Monday, August 08, 2011

DTN News - CHINA NEWS: 10 Business Fakes Made In China

DTN News - CHINA NEWS: 10 Business Fakes Made In China
(NSI News Source Info) TORONTO, Canada - August 8, 2011:

China has become known as the epicenter for producing a wide variety of counterfeit and bootlegged consumer products, but a trend has emerged over the past few years of faking full retail operations.

A relatively new phenomenon, these rogue counterfeit businesses are a problem for companies that are trying to establish a brand image in China's emerging economy. While some of these operations sell actual products from the legitimate companies, many simply copy the retail format, right down to even the colors and slogans. Other forms of this type of counterfeiting have followed in the wake of major consumer trends, where illegally copying products, brands, or intellectual property of successful companies has turned into big business in China.

So, what are some examples of retail operations and major brands that have been copied in China?

Apple Stores

Recently, the discovery of illegitimate Apple stores in several Chinese cities sparked controversy both in China and the U.S. The fake Apple store, which was uncovered by the Bird Abroad blog , had similar signage, layout and even salespeople as real Apple stores. However, BirdAbroad picked out several key details not common among true Apple stores and correctly pointed out the stores as fake. The stores claimed to have real Apple products, but were not licensed or operated by the company.

Quickly following the public uproar—which included angry customers storming the stores in question demanding refunds—several of the stores were closed, not for their fraudulent use of the Apple brand, but for the lack of proper business licenses.

Disney Theme Park

Although fake stores are relatively widespread in China, more elaborate, but equally illegitimate theme parks have also been built. One of the most glaring examples is the Beijing Shijingshan Amusement Park, which is run by the Shijingshan district government. The park includes structures that closely resemble Walt Disney 's iconic Magic Kingdom and Epcot center, while mascots strikingly similar to trademarked characters such as Shrek, Snow White, The Seven Dwarfs, Mickey Mouse, and Goofy can be seen around the park. Some of the characters were even spotted outside the Bird's Nest Pavilion during the 2008 Beijing Olympics.

Although the park caught the attention of Disney in 2007, it remains in operation today and even maintains an English version of its website.


Found in the same city as the fake Apple stores, Kunming in southwest China, is a 100,000-plus-square-foot, four-story retail center that operates under the name "11 Furniture." However, it seems as though the only difference between 11 Furniture and the Sweden-based IKEA is the name.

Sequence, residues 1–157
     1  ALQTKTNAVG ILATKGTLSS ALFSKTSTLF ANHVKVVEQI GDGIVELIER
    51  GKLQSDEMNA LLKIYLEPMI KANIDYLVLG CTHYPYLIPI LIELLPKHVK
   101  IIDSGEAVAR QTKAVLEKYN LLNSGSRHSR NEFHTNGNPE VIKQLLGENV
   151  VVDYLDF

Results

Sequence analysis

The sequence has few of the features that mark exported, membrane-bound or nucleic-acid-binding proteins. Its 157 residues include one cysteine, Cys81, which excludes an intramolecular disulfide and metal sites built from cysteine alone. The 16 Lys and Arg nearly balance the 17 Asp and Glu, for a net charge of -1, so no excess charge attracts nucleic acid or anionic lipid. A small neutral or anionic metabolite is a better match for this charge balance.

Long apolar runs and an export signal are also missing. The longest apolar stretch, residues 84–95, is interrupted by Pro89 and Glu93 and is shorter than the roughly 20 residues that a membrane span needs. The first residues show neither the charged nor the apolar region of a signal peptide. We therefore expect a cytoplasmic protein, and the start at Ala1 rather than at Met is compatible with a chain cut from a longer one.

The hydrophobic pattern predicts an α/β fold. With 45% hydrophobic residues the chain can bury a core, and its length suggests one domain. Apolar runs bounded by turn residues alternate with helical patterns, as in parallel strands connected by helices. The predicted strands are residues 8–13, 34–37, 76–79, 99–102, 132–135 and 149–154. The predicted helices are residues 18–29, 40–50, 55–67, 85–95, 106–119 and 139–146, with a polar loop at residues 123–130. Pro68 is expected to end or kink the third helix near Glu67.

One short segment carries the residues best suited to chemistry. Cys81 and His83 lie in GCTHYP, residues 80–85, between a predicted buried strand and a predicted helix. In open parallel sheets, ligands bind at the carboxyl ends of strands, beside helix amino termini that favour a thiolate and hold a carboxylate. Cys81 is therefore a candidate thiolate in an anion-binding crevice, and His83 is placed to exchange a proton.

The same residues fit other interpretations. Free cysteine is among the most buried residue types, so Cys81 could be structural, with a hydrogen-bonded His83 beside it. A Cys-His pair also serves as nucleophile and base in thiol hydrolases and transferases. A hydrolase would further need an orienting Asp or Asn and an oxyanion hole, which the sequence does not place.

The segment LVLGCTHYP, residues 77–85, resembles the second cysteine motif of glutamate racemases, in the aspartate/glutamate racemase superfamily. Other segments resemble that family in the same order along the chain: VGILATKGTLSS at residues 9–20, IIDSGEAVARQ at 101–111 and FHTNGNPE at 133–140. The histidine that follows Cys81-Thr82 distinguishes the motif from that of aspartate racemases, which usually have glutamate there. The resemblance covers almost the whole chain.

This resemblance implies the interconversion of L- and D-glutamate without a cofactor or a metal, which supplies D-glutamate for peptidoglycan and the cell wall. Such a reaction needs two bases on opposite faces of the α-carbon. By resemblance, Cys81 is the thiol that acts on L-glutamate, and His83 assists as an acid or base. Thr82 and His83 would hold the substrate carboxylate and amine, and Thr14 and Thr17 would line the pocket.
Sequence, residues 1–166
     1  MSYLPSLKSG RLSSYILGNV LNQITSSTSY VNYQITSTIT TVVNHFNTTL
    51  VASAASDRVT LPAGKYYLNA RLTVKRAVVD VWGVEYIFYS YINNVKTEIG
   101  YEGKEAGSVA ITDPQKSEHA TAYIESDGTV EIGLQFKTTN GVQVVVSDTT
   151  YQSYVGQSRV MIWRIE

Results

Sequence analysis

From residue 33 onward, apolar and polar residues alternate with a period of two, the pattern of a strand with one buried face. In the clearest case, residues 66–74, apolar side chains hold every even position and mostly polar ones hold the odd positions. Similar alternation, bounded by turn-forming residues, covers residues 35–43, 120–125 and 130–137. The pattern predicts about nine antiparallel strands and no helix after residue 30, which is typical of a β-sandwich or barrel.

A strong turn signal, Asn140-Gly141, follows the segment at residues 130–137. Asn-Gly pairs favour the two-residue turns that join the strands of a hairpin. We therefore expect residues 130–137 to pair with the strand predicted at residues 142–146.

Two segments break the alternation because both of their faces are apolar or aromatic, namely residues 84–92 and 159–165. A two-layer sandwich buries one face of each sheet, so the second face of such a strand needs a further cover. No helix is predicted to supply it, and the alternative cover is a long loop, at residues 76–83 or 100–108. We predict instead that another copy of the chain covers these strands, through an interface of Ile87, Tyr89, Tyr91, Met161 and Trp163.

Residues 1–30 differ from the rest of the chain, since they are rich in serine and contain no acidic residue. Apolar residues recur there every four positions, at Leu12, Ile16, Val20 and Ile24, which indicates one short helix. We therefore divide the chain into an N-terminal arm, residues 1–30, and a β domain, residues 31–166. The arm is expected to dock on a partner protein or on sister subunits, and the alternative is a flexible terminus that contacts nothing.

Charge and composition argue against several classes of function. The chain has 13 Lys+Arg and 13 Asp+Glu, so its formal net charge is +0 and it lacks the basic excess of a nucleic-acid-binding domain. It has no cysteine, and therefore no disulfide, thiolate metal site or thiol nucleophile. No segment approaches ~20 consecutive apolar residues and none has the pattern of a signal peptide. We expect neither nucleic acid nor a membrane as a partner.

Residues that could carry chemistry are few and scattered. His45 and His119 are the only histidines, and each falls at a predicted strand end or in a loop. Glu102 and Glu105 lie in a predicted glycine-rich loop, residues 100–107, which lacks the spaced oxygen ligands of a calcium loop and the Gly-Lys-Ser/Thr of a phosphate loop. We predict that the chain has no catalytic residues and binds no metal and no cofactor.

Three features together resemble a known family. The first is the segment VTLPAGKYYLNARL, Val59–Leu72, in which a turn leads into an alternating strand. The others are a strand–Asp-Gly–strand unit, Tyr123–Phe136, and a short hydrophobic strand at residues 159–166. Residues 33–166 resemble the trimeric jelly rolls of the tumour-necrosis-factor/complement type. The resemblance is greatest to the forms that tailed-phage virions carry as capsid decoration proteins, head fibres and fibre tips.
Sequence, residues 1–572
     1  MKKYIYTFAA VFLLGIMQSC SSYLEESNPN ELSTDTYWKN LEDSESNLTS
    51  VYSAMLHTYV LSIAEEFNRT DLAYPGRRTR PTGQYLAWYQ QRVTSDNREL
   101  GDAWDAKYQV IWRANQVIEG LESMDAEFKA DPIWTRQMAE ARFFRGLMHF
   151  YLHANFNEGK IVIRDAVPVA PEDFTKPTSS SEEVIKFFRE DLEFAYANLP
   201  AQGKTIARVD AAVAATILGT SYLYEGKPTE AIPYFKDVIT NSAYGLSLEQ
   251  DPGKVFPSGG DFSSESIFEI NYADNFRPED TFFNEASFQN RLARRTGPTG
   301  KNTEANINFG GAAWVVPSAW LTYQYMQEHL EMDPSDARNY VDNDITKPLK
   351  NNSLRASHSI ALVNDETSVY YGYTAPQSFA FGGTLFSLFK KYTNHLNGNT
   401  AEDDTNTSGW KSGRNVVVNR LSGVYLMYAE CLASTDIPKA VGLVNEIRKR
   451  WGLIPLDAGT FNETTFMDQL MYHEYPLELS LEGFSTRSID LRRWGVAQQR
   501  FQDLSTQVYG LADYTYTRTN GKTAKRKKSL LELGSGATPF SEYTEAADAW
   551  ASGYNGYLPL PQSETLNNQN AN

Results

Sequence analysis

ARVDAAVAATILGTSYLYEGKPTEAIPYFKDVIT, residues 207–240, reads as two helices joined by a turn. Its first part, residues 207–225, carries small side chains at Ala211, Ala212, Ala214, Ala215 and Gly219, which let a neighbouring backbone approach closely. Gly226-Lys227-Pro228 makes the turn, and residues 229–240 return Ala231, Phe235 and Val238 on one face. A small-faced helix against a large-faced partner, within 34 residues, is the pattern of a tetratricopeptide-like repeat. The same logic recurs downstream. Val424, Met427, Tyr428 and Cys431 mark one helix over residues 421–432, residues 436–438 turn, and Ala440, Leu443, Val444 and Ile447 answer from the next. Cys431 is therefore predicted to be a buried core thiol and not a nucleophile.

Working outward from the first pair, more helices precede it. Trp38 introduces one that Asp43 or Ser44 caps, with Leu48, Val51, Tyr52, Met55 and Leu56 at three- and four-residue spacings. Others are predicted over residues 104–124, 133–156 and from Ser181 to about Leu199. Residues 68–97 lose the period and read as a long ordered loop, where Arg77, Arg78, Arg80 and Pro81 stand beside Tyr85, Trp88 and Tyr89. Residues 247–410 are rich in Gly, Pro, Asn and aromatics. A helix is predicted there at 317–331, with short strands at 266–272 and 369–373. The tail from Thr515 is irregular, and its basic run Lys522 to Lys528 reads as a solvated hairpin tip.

According to reports by Reuters, the store copies Ikea's blue and yellow color scheme, mock-up rooms, miniature pencils, signage, and even rocking chair designs. Although the name of the store in English is not the same, in Chinese, 11 Furniture is "Shi Yi Jia Ju," which is quite similar to IKEA, which is "Yi Jia Jia Ju."


If it works in the West, it's a sign that China copy-cat stores may not be far behind. In 2006, Starbucks was successful in an intellectual property case against a Chinese company that operated under the name Xingbake, which is Chinese for Starbucks.

There have been numerous reports of fake Starbucks in China, including One Dollar Coffee, Seayahi Cofee, Lucky Coffee, Bucksstar Coffee and more. Bucksstar Coffee in particular was part of a mall that featured several fake storefronts, including a store called "Pizza Huh" and "McDnoalds," with similar color schemes and signage as the western originals, according to the U.K.'s Mirror .

World of Warcraft Theme Park

If the Disney theme park wasn't enough, an equally brazen Chinese entrepreneur decided to build a theme park based upon the popular World of Warcraft and Starcraft brands, owned by Blizzard Entertainment.

The theme park is called World Joyland and is located in the Changzhou, west of Shanghai. The theme park was an attempt to merge the park and video game experience, and claims to have cost $30 million to build. However, the "Terrain of Magic" and "Universe of Starship" offerings are eerily similar to Blizzard's brands, points out the blog Shanghaiist.


Although the real Kentucky Fried Chicken can be blamed in its own right for fakery in China—as evidenced by it's use of an Obama imposter in several Chinese TV ads —the company is also a victim of storefront forgeries. The fake KFC stores not only use the fast-food chain's branding, but also replace Colonel Sanders with their own rendition .

The fake KFCs may not remain around for long, however, since KFC recently became the largest restaurant company in mainland China, after becoming one of the fastest-growing brands in the country, according to a Harvard Business School study.

Harry Potter

Although China has notoriously been a haven for businesses copying American brands and merchandise, the same has happened for Harry Potter books in China's domestic market, reports The New York Times . The Chinese market has been plagued by Harry Potter fakes that come in many forms.

One type of forgery utilized the same title as an upcoming Potter book and peddlers began selling it several days prior to the official book's release date. Other forgeries have used the text from J.R.R. Tolkien's "The Hobbit," swapping out the original character names with those from the Harry Potter universe and re-titling it "Harry Potter and the Leopard Walk-Up-To Dragon." Unlicensed translations and reproductions, of both Harry Potter and other popular books, are also rampant in China.


Another popular brand in China is Nike , and along with that popularity comes knock-off stores, such as this one, pictured left. Nike has been manufacturing in the region for decades and China also remains a major source of counterfeit Nike products.


McDonald's is another global brand with a strong and growing presence in China, but not even McDonald's can escape imitation stores. Although the image to the left shows a real McDonalds restaurant, there have been several imitations that mimic a variety of McDonald's looks and logos. Most copy the look and feel of the restaurant, but others have copied the menus and even some of its slogans. Several imitations that can be found are "Mini Dog" and "Mcdnoalds," which both use the distinctive golden arches.